Links: Sam recalls meeting Vampires (Vampire Science) and recalls the HADS operating (The Bodysnatcher). She remembers the Doctor telling her about Davros on Tractis (Genocide). The Doctor recalls his seventh incarnation erasing all computer records of himself (Transit) and implies that the Master damaged the TARDIS lock in San Francisco (The TV Movie).

The Doctor says that he tried appealing to the Daleks' better nature once, and it didn't work (Genesis of the Daleks or The Evil of the Daleks?). There are lots of references to previous Dalek stories including The Daleks, Mission to the Unknown (Marc Cory, Varga Plants, the SSS), The Daleks' Master Plan (Varga Plants, the SSS), Planet of the Daleks,Genesis of the Daleks (Davros, the Thals), Remembrance of the Daleks (Davros, the destruction of Skaro), The Dalek Invasion of Earth (the Slyther, the Dalek invasion), Day of the Daleks (referred to in records plundered during the invasion). The Doctor's reference to having seen the Daleks' future, but not who wins may or may not be a reference to The Evil of the Daleks. The Power of the Daleks (the Doctor dealing with the factory ship - or so he thinks). The retcon heavily affects Destiny of the Daleks, Resurrection of the Daleks, Revelation of the Daleks, and Remembrance of the Daleks.

Location: he human scavenger ship Quetzel and [a planet that may or may not be] Skaro 30 years after Remembrance of the Daleks. The prologue takes place on Terakis - a planet between Thal space and Dalek space in the same timezone. The interludes happen on the water-world Antalin not that long after The Daleks' Master Plan, on the Draconian ship Hunter in a time period soon after the Draconians have introduced female officers, and the planet Hersperus nearly three hundred years after Mechanoids arrived on the planet.

Future History: The Daleks will invade Earth several times.

Unrecorded Adventures: The Doctor hasn't seen a Bussard ram jet for centuries.

The Bottom Line (prosecution): 'It doesn't make sense. Astonishingly bad, with turgid prose, one-dimensional characters and occasional interludes that read like World Distributors Annuals. All of which pales in comparison next to the incredible stupidity of the main plot, which sees Peel tying himself in knots to salvage Skaro, aided by out-of-character infodumps by various Daleks. The result is a novel that makes both Davros and the Doctor appear stupid, outwitted as they both are by the Dalek Prime, a figurehead without any sort of character and with appalling dialogue.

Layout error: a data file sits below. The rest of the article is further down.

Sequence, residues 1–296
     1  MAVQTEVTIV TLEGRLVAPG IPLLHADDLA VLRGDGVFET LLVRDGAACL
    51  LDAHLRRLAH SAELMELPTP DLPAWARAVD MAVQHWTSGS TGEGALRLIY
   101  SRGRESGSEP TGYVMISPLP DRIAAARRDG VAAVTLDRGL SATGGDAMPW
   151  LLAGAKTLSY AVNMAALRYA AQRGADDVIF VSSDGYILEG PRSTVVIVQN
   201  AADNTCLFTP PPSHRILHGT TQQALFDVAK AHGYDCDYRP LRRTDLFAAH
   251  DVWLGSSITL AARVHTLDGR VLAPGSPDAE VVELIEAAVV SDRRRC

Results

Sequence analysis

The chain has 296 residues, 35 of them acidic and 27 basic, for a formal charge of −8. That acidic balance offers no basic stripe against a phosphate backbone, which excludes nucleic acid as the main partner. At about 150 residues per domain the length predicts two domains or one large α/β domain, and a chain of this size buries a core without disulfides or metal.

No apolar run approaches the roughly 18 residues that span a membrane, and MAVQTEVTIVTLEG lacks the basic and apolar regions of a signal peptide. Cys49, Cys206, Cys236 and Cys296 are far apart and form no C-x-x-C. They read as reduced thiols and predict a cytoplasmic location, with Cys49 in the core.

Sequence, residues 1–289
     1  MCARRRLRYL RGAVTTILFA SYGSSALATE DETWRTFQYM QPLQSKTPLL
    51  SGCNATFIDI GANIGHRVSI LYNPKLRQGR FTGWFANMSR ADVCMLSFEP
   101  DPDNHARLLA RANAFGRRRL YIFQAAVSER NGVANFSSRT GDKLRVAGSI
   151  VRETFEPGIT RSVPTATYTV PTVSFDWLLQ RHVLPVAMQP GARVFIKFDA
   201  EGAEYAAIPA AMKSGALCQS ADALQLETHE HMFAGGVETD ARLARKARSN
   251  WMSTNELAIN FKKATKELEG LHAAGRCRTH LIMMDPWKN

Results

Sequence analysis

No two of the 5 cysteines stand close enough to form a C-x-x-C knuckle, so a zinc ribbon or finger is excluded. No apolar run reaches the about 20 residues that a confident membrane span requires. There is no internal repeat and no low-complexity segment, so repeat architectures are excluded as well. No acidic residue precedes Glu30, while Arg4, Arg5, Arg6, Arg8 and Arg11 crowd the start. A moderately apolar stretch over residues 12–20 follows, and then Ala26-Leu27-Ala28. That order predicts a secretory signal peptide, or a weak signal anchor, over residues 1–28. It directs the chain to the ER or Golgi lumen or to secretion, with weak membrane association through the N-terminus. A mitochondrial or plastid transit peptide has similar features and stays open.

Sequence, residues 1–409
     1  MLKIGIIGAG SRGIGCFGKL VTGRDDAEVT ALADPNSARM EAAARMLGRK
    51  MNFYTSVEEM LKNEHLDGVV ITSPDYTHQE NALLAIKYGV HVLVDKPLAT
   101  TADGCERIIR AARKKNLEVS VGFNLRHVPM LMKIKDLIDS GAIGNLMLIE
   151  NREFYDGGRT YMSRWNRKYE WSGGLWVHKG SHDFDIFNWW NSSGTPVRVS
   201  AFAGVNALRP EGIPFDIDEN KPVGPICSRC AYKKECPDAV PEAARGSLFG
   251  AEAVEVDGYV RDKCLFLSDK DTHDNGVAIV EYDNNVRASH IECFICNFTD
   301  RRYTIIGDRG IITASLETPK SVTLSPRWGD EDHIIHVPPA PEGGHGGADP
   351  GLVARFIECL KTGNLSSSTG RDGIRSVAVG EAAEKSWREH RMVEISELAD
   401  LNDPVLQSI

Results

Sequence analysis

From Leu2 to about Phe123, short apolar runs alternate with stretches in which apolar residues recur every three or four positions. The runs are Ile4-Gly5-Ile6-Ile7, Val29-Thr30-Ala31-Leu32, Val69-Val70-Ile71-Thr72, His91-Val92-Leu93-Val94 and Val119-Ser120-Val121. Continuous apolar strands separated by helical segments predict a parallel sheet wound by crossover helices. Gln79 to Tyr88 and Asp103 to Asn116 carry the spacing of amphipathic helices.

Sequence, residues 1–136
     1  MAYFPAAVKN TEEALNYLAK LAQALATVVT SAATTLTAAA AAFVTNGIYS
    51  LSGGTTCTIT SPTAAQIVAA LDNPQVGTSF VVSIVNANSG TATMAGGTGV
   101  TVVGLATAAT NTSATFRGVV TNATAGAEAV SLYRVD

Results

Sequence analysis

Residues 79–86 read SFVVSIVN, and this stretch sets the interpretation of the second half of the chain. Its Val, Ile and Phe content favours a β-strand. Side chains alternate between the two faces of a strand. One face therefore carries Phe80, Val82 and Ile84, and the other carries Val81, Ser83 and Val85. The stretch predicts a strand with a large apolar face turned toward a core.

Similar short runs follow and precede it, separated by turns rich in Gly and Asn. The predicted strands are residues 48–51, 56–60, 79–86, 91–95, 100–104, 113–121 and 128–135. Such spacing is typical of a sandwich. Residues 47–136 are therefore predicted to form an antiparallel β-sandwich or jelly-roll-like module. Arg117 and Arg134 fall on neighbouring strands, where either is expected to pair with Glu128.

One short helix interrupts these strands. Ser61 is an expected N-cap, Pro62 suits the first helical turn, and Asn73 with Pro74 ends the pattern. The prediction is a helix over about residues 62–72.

The Bottom Line (Defence): 'It's not possible I destroyed the wrong planet...' The plot of the book is, essentially, just an excuse to say that the destruction of Skaro seen in Remembrance of the Daleks didn't happen. There are a few bits of the book which are half-decent - whilst writing this review, I was surprised how much better it was than I'd remembered. However, there are still plenty of weak points - the very complicated story of the retcon, the way everyone (including Sam) fancies the Doctor - which is really poorly written, and the Dalek Prime's contingency plans are particularly rubbish. Without the retcon (which, let's not forget, only takes up one chapter plus a dozen throwaway lines in the rest of the novel), this book would be a forgettable action romp. With it, it's a work of infamy which most fans will want to blot out of their memory.

Discontinuity Guide by Paul Clarke and Stephen Gray

Other Guides to this Story

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War of the Daleks is brilliant. I can't understand people who can't find rich pickings, and a very strong adventure in it.

I think it's because there's very little substance or depth to the story, and because the retcon chapter is such a big distraction. The exact same story (without the irritating and completely unnecessary retcon) is told several times better in the BBC book Prisoner of the Daleks.

I think this book could be better by having no continuity changes/ different changes

1) When the First Doctor landed on Skaro, he had no control of the TARDIS. In addition, the Time Lords erased part of his memory.

2) When the Fourht Doctor landed on Skaro in Destiny of the Daleks, he had control of the TARDIS. And the TARDIS banks would have stored this planet's location as being Skaro. Thus, it is these co-ordinates in Destiny that destroy 'Skaro'.

3) Terry Nation never gave the Virgin Books the rights to any of his characters. Thus, any Daleks, Thals, Movellans etc. appearing in any Virgin Books must be totally different creatures who just, coincidentally, have the same names for their races as races from Dalek stories.

4) The destruction of Skaro in Remembrance is the stupidest thing to happen in Classic Who. Followed, closely behind, by Ace destroying a Dalek with a baseball bat, which only narrowly beats the entirety of The Happiness Patrol.

5) This book does seem to split fandom, similar to UNIT dating. Those who despise it seem to be of the 'The Seventh Doctor as Time's Champion is the Greatest Who Ever', whereas those who have no real problem with it are those who prefer their Doctor to be more like Doctors One through Six.

6) But nothing mentioned above in this post comes close to the absurdities of The Timeless Child.